Phototherapy simply means treatment with light. For treating skin disease, Narrowband ultraviolet B (UVB) light is the most common type of phototherapy. This uses a special machine to emit UVB light at 311-312 nm, which is the most beneficial portion of natural sunlight for skin diseases. Importantly, it also avoids the UVA aspect of sunlight which is very damaging to skin, and can accelerate aging and progression towards skin cancers.

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Broadband UVB phototherapy (290-320 nm), PUVA (Psorlaen and UVA), and UVA1 (340-400 nm) are other forms of phototherapy that are used less frequently in treating eczemas, but may be used in certain circumstances.

Phototherapy appears to work in several ways:

  • It directly reduces itch
  • It has an anti-inflammatory effect
  • It increases vitamin D production
  • It appears to help increase bacteria-fighting systems in the skin


While it is very safe and is arguably safer than even natural sunlight due to it’s more specific and controlled nature, it still can cause burns, increased aging, and increased risk of skin cancers over time.

When is Phototherapy Used?

Phototherapy is used for widespread eczema or for localized eczema (such as hands and feet) that has not responded sufficient to topical treatments. For some, it can be a way to avoid using more powerful systemic treatment such as cyclosporine or methotrexate.

Does Phototherapy work?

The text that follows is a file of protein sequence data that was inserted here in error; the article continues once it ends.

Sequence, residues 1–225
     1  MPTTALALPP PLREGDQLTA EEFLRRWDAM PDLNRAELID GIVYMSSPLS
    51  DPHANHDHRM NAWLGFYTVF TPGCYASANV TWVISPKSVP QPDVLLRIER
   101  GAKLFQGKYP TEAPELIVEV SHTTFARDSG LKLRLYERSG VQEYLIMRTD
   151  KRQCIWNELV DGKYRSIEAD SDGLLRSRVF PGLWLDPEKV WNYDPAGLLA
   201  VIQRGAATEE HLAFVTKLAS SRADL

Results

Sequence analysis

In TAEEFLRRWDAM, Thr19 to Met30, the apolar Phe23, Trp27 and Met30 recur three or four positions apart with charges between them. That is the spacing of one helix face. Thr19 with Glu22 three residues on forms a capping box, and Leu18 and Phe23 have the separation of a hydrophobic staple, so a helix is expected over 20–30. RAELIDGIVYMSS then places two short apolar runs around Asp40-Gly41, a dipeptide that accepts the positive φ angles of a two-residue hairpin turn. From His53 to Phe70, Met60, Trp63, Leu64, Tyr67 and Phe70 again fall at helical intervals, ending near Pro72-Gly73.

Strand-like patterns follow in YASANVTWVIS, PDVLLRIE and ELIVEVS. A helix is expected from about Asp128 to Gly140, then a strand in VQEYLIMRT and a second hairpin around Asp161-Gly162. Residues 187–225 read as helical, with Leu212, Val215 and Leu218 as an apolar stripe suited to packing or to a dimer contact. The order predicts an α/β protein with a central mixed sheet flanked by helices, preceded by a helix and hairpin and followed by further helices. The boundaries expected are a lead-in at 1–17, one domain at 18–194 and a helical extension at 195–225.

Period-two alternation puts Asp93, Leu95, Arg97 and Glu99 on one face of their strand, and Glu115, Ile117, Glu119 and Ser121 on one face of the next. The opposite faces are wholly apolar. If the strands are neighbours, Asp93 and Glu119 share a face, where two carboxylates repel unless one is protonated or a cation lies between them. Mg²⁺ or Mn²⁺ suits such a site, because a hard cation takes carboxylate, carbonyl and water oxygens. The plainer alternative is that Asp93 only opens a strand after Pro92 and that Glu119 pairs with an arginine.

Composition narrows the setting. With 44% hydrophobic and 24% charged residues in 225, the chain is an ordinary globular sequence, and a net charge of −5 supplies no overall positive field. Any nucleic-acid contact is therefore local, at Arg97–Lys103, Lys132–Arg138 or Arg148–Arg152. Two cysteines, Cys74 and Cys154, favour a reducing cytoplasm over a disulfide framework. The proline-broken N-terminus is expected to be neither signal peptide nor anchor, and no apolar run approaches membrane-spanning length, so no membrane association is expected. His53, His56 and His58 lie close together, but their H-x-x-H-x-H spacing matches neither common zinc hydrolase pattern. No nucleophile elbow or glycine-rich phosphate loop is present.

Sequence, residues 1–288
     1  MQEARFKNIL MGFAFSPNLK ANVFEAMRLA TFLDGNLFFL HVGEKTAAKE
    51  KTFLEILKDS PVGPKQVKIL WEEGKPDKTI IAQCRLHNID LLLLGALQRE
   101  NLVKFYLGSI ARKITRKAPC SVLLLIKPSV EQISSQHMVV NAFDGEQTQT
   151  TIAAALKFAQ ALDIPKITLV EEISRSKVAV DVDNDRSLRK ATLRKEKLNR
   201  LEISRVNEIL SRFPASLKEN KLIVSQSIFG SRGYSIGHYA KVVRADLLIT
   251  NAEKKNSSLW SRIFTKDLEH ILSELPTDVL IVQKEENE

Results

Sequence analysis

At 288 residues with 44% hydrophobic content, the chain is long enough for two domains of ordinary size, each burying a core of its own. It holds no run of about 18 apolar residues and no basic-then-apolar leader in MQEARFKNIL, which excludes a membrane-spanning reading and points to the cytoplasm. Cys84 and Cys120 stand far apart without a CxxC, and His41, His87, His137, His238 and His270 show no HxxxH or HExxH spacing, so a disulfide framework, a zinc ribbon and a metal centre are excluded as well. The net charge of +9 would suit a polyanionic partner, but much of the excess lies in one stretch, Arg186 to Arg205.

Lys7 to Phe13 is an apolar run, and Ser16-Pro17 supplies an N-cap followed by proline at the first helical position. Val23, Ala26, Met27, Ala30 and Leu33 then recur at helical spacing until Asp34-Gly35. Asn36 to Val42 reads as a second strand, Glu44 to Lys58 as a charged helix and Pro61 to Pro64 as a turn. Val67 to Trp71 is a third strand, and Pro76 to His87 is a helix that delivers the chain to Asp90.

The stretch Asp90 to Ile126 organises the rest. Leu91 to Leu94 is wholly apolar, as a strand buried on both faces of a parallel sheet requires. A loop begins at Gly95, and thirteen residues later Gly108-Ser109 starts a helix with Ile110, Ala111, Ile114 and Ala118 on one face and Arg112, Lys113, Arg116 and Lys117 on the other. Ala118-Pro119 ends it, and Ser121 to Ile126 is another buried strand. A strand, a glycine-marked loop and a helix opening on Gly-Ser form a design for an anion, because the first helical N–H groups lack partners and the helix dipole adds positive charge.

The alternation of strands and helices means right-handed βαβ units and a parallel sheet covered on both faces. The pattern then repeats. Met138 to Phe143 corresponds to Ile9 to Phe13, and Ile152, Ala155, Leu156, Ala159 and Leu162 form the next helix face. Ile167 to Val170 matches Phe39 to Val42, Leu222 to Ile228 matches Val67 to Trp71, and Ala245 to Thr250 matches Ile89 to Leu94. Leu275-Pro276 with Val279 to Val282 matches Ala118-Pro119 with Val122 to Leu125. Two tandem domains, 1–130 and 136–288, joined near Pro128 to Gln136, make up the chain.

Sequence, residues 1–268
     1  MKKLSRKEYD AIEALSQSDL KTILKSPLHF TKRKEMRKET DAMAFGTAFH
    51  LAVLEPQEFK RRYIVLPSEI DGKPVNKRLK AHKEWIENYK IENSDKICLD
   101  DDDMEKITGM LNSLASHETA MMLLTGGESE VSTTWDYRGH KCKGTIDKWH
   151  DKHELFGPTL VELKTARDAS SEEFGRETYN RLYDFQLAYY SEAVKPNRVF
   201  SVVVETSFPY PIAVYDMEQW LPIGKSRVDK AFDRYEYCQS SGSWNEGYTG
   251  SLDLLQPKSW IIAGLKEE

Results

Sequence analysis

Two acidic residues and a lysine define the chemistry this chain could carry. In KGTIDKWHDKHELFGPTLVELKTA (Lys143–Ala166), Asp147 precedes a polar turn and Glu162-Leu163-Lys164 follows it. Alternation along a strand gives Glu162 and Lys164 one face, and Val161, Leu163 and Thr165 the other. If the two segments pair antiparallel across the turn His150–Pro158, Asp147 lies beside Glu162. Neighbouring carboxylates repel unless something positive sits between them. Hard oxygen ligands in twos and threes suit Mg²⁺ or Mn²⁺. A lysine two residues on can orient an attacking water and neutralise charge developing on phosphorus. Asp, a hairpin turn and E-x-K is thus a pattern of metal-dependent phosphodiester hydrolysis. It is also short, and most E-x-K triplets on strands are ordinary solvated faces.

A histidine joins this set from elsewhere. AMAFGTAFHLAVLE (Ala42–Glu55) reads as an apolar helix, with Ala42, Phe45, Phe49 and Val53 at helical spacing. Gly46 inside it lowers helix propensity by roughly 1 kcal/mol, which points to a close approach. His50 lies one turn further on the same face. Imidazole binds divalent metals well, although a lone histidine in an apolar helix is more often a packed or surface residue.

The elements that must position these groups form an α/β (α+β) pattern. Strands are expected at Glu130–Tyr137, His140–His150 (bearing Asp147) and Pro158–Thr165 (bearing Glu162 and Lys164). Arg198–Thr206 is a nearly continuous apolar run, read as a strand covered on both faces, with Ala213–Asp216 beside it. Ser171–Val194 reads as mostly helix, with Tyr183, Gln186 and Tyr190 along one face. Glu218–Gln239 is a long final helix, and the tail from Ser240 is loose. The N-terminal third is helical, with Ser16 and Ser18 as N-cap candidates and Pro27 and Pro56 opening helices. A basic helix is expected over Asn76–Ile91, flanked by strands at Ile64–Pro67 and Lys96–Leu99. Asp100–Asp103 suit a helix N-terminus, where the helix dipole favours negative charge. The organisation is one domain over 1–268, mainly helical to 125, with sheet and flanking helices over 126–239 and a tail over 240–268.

Yes, it seems to help about 60-70% of patients with eczema that have not responded adequately to topical treatments, though it does not work for everyone. When it does work, it is not a rapid improvement like some treatments: generally 1-2 months of steady treatment is necessary to start to see improvement. Fortunately for many patients, when it does work it seems to be a “remittive” therapy, meaning it can put the eczema in a quiet state for a longer period of time, sometimes even long past the phototherapy has ended.

What are the downsides to Phototherapy?

There are several issues with phototherapy that must be considered before starting treatment:

  • Cost: although generally covered by most insurance plans, some plans do not cover it at all. Others may cover it, but there may be an expensive co-payment due at the time of each treatment, which can get very expensive
  • Time: for it to be effective, phototherapy generally requires 2-3 treatments per week in the office. Work and school schedules must be considered along with travel time, parking, and the treatment time. For some, this is just not possible, especially given the relatively slow onset of improvement (1-2 months to see improvement, generally)
  • Risks: burns, increased aging, and increased risk of skin cancer over time are all significant risks with any type of phototherapy. Eye protection must be worn for every treatment to prevent damage to the eyes.


What should I expect with Phototherapy?

  • During your visit you will apply a moisturizing oil to the skin and stand in the cabinet undressed except for underwear and protective goggles
  • The machine will be activated for a short time, usually just seconds to minutes, and will treat the entire body, or just certain exposed areas
  • Careful records are kept of your response and the light is slowly increased with each treatment
  • After several months of treatment, the frequency of the visits can sometimes be reduced to once or twice weekly
  • If things continue to improve, phototherapy can be stopped for a period to see if the eczema is in remission
  • If successful, some patients may restart the cycle or simply come once or twice weekly to maintain their improvement